Educators convicted of sexual misconduct against students will now face harsher penalties under new legislation approved by the General Assembly. The “Protect Our Students Act,” House Bill 142, will also help students be better equipped to understand appropriate teacher-student relationships.
Advocated by State Superintendent of Public Instruction Catherine Truitt, the Protect Our Students Act passed unanimously in the House in March, as well as in the Senate in September. House Bill 142 became law today when it was signed by the Governor.
Keeping student safety as its focus, the Protect Our Students Act has three components: standardizing definitions and increasing penalties for sexual misconduct committed by any educator, increasing penalties for those failing to report misconduct and producing an age-appropriate awareness video for students grades 6-12.
“We know the overwhelming majority of educators will never come anywhere close to violating the rights of students,” Truitt said. “However, I firmly believe that one instance of sexual misconduct is too many. This legislation protects and informs students, while outlining and increasing the penalties for offenders. We know school safety is top of mind for so many across the state. This is another important step to prioritize student well-being in school. I want to thank Representative John Torbett and Senator Amy Galey for their efforts to get this bill across the finish line in the General Assembly.”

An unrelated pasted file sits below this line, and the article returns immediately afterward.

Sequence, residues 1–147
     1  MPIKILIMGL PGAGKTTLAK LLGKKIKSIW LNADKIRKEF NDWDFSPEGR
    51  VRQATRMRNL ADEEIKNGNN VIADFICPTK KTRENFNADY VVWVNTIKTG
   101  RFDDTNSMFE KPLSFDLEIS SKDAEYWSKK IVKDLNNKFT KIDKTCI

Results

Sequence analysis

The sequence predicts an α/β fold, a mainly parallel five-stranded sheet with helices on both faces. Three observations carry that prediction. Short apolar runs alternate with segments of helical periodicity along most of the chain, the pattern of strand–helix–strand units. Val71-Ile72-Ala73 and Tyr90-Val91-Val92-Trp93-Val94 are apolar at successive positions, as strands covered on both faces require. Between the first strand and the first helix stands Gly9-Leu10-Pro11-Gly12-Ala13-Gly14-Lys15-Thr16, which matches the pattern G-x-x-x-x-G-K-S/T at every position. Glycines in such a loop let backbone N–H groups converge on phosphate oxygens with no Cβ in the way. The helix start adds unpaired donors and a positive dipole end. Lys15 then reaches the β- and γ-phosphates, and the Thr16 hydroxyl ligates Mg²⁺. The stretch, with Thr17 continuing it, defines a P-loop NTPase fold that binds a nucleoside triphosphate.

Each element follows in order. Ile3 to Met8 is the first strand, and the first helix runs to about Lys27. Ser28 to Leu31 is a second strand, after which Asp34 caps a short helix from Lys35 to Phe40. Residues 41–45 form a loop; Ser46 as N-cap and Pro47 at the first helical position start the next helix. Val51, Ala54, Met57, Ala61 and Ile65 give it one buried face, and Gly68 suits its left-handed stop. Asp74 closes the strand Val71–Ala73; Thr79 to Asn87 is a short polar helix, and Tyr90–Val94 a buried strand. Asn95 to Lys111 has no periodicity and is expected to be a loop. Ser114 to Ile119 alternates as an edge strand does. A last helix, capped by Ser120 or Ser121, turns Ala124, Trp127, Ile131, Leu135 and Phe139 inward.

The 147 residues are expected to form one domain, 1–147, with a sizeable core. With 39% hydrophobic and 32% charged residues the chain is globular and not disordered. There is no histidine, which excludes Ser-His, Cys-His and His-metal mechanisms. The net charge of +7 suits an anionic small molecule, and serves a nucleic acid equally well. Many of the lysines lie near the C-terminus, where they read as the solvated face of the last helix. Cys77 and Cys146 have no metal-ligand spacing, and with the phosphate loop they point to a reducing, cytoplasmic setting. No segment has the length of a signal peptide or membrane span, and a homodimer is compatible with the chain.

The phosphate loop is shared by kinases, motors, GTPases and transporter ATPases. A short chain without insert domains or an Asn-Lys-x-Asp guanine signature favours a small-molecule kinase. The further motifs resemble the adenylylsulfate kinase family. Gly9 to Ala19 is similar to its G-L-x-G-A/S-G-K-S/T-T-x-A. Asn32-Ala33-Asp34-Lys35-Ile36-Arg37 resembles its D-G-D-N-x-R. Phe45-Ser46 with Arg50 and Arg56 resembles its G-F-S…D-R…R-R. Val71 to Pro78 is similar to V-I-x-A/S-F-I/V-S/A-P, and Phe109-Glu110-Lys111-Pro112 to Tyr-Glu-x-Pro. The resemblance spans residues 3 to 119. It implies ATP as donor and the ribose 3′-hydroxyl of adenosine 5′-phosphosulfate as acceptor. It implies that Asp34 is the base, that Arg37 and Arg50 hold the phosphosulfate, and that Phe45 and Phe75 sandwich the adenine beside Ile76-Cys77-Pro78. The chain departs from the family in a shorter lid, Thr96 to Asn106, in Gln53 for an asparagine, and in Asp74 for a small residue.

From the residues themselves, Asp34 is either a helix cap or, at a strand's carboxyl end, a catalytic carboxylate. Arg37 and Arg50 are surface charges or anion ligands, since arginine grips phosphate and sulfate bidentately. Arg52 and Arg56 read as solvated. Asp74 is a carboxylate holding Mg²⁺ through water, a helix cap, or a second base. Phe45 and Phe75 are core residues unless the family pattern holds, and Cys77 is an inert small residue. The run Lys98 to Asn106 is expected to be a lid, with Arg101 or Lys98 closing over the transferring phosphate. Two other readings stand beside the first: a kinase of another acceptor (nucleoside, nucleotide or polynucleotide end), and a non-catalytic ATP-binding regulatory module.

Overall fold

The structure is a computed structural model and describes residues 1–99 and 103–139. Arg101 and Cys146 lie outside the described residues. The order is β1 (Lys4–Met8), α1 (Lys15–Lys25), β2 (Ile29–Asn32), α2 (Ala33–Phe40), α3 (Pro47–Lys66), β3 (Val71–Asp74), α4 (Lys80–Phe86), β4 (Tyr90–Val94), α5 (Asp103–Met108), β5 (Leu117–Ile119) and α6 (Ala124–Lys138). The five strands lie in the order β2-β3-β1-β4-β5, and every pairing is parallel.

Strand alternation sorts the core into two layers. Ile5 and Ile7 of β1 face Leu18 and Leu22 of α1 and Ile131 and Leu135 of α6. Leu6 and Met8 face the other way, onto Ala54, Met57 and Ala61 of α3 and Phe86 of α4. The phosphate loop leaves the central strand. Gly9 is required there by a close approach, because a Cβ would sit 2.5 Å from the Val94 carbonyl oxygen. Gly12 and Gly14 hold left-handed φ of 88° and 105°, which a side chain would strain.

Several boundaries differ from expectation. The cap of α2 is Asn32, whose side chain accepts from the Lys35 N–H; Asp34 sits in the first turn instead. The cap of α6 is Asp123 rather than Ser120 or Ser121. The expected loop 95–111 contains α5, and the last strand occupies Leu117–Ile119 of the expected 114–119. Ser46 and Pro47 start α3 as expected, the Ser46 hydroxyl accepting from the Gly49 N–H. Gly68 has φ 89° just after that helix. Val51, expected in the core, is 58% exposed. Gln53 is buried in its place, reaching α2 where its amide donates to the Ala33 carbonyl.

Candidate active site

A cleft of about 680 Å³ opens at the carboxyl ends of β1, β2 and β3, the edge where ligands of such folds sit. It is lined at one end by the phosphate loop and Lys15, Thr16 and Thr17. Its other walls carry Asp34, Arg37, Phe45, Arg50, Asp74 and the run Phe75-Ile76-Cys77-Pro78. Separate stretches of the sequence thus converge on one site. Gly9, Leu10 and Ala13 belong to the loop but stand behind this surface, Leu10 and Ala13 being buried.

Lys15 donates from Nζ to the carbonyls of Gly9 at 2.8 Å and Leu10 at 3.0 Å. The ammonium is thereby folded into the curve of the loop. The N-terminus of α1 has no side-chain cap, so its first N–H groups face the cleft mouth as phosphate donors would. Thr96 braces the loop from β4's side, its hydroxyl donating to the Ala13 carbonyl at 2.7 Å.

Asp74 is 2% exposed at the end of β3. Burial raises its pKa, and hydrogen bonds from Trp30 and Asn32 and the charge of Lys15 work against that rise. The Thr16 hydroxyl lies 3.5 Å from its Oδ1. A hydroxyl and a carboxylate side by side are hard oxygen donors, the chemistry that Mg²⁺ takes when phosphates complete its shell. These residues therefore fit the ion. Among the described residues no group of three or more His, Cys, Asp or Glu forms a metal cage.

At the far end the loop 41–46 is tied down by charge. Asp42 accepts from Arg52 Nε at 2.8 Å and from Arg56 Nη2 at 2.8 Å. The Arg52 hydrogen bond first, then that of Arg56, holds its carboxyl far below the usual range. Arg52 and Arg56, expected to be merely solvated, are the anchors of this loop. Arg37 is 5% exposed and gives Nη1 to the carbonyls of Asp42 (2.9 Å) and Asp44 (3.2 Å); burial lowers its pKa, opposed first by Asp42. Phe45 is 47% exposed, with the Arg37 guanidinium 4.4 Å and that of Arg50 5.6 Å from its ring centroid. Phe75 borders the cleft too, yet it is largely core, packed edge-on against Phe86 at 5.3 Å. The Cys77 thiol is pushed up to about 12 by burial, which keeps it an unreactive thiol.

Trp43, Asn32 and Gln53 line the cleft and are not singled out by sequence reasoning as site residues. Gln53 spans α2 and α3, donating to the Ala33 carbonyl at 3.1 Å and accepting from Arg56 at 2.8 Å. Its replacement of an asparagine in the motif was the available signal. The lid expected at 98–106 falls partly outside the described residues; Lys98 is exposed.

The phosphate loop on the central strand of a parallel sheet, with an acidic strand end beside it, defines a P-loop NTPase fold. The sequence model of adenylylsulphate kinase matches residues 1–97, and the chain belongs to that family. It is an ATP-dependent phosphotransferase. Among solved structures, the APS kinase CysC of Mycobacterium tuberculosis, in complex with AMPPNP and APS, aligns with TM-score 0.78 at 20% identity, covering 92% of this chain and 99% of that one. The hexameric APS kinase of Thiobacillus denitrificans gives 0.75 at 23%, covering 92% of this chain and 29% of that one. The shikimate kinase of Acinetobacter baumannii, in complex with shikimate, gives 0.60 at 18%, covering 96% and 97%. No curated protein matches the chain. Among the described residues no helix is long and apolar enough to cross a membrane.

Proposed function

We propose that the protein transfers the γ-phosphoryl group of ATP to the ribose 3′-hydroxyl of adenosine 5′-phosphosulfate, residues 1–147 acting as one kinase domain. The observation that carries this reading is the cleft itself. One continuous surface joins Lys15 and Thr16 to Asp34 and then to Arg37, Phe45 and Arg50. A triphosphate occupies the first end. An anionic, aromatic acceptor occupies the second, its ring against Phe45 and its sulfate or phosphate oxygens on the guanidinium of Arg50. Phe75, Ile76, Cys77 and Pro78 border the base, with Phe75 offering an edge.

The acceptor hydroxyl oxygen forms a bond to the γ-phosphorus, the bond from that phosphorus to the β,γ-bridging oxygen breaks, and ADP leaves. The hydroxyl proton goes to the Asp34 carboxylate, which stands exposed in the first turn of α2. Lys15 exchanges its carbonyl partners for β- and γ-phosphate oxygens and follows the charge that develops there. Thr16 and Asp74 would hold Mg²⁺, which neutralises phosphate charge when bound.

Through the Protect Our Students Act, the Center for Safer Schools will produce and distribute an age-appropriate video for grades 6-12 to identify acceptable and unacceptable student-teacher interactions. The bill elevates sexual misconduct with a student to a Class G felony. An administrator’s failure to report sexual misconduct to the State Board of Education within five days is a Class I felony.
During the nearly seven years between January 2016 and October 2022, there have been 124 instances of sexual misconduct by educators involving students resulting in a license suspension, revocation or voluntary surrender. On average, this is 20 suspensions, revocations or surrenders per year that are related to sexual misconduct involving students. To view the publicly available full list of revoked licenses, click here.
A survey conducted last year by the education news outlet EdNC found that 82% of nearly 17,000 respondents rated school safety as a primary measure of school quality, underscoring the importance of school safety to North Carolinians.
House Bill 142 applies to all public, charter or nonpublic schools in North Carolina. The video produced by the Center for Safer Schools is required no later than June 30, 2024. The law requires that North Carolina public schools show the video to all students grades 6-12 by the fifth day of school.